Ben Hogan came back from a terrible car crash and hopefully Tiger Woods can, too

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Mac Engel
·4 min read
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Tiger Woods called “Mr. Hogan’s” comeback the best in the history of sport, and now this generation’s greatest golfer will hopefully be able to do the same as The Hawk.

Not that we need any more bad news these days, Tiger sustained significant injuries in a one-car crash shortly after 7 a.m. Pacific Time on Tuesday near Los Angeles. He was the only person in the car.

According to his agent, Tiger was in surgery by late morning after rescue crews needed “the jaws of life” to extract the 45-year-old golfer from the wrecked car.

The images of the crash site are not good. The good news is that Tiger is alive.

This is not the first time Tiger has been involved in a high-profile car incident, but the circumstances surrounding this wreck appear to be very different than the first.

The first being in November of 2009 when he crashed his SUV near his house in Florida, after which his then wife used a golf club to “help” her husband get out of the car ... by smashing its rear window.

But that Tiger wreck is not this Tiger wreck.

We do not know the full extent of the injuries he sustained, but it’s safe to assume this will delay any upcoming PGA Tour appearances he might have had planned.

Hopefully, these injuries are not so catastrophic that they will end his career and dramatically alter his life. Hopefully, there is a chance that Tiger can follow a similar path set by Fort Worth’s own Ben Hogan.

None of Tiger’s previous comebacks — and he would admit this as well — whether due to his personal demons or injuries related to the game — quite compared to Hogan’s comeback, which began more than 60 years ago.

On Feb. 2, 1949, Ben and his wife, Valerie, were driving near Van Horn, Texas, on their way back to Fort Worth in foggy conditions when their car was hit head-on by a Greyhound bus.

Hogan reportedly stretched out across the seat to save Valerie. The left side of Hogan’s body was crushed. He sustained injuries to his pelvis, ankle, knee, ribs, collarbone and shoulder.

Hogan did not receive medical attention for 90 minutes, and then it took another two and a half hours before he was taken to a hospital in El Paso.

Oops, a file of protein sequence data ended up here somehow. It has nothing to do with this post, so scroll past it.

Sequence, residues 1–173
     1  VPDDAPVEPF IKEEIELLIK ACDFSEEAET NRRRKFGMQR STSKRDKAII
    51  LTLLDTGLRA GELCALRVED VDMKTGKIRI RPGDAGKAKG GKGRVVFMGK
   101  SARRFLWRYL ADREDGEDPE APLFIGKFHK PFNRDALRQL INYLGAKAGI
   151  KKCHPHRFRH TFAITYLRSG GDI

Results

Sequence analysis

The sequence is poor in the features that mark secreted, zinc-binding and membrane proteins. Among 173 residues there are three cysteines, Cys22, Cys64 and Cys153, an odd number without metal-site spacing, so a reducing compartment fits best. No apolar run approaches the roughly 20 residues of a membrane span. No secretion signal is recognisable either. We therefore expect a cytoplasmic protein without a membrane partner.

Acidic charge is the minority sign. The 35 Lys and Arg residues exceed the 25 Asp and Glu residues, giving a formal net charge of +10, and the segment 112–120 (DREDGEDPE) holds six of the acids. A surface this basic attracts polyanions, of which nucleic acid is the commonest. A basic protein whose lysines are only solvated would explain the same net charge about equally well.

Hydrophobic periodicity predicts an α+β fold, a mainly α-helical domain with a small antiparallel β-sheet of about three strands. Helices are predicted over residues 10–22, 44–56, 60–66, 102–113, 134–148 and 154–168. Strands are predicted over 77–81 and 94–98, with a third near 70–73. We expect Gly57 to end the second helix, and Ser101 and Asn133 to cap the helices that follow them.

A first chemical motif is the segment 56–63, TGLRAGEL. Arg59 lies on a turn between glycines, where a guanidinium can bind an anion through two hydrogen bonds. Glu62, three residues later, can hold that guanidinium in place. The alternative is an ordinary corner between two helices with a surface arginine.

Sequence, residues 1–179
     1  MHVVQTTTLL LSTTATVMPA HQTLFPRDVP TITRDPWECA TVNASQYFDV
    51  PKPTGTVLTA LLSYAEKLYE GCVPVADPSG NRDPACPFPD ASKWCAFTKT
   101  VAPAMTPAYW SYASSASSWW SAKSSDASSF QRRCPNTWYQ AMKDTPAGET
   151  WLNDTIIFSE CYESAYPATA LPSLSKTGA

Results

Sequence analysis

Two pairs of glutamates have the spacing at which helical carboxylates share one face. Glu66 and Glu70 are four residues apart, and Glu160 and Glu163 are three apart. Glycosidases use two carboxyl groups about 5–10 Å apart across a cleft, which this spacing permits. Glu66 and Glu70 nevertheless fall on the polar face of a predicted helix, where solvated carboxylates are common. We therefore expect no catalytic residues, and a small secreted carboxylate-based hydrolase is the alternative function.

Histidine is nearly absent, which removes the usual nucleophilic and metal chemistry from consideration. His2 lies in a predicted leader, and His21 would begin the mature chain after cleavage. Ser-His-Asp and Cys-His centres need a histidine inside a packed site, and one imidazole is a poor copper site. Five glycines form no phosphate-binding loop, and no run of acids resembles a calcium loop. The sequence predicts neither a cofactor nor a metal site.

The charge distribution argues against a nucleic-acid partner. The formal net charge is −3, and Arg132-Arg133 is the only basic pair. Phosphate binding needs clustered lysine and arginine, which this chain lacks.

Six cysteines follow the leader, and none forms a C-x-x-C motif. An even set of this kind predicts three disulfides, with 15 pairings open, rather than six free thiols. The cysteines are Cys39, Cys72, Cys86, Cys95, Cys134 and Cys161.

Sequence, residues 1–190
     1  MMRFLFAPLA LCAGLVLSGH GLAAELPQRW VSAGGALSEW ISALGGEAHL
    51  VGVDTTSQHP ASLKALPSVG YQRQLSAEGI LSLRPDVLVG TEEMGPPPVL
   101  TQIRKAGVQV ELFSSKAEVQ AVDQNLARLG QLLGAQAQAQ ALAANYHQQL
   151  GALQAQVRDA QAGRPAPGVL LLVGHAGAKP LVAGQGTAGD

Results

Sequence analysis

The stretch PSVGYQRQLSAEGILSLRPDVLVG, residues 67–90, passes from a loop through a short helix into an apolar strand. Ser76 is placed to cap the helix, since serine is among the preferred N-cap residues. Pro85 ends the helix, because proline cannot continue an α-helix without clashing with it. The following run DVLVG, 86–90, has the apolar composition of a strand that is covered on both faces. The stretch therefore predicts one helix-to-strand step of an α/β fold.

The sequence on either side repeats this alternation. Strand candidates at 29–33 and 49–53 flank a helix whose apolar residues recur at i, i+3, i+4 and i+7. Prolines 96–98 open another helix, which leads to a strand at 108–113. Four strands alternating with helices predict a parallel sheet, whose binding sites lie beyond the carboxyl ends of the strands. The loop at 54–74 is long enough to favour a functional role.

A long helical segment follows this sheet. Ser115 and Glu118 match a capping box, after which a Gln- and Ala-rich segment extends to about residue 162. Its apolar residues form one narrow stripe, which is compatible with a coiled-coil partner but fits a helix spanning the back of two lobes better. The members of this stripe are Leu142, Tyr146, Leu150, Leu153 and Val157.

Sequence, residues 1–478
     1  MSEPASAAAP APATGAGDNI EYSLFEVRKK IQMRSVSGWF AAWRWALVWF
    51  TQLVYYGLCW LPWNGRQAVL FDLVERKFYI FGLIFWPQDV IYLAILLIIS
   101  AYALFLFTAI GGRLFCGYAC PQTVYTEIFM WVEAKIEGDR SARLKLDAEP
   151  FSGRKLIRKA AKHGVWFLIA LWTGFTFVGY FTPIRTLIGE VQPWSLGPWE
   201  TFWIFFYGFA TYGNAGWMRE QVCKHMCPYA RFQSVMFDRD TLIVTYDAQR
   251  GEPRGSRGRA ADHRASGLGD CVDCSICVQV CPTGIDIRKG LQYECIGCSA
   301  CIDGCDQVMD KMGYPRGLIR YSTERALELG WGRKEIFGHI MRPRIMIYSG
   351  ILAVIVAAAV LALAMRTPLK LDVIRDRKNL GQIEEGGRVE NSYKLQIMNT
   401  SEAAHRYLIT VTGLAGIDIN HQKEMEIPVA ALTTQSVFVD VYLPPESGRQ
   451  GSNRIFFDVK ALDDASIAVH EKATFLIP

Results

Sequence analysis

Some of his internal organs also sustained injuries, and his left eye would grow worse as a result of this crash.

The initial reports said Ben Hogan was dead. When the full details of the injury became known, the prevailing thought was that he would be lucky to walk again, and his career as a professional golfer was over.

He was 36.

Sixteen months after the crash, Ben Hogan won the U.S. Open at Merion near Philadelphia. He would have to play five rounds in four days, and it became known as the “Miracle at Merion.”

“I think that one of the greatest comebacks in all of sport is the gentleman who won here, Mr. Ben Hogan. I mean, he got hit by a bus and came back and won major championships,” Tiger Woods said at Augusta in the spring of 2018 about Hogan who won The Masters in 1951 and 1953.

“The pain he had to endure, the things he had to do just to play and just how hard it was for him to walk, and he ended up walking 36 holes [on the final day because of an 18-hole playoff] and winning a U.S. Open.”

Hogan needed Epsom salt baths between rounds, would wrap his legs in bandages, and would take the most mild form of pain relievers available at the time, aspirin.

In 1951, Hollywood, of course, capitalized with the movie Follow the Sun about Hogan’s life, career, and comeback.

Following the wreck, Ben Hogan won 12 tournaments, including six majors. He was to golf then what Tiger is today.

In May 1997, about six weeks after his first Masters win, Tiger made his only appearance at Colonial in Fort Worth. The visit was made, in part, to see Hogan, who died about two months later. Tiger has not played the course since.

Tiger Woods may have wanted to follow in Ben Hogan’s footsteps, but certainly not to this extreme.

Hopefully, he will get the chance to do as Mr. Hogan did — not only to play again, but to win again.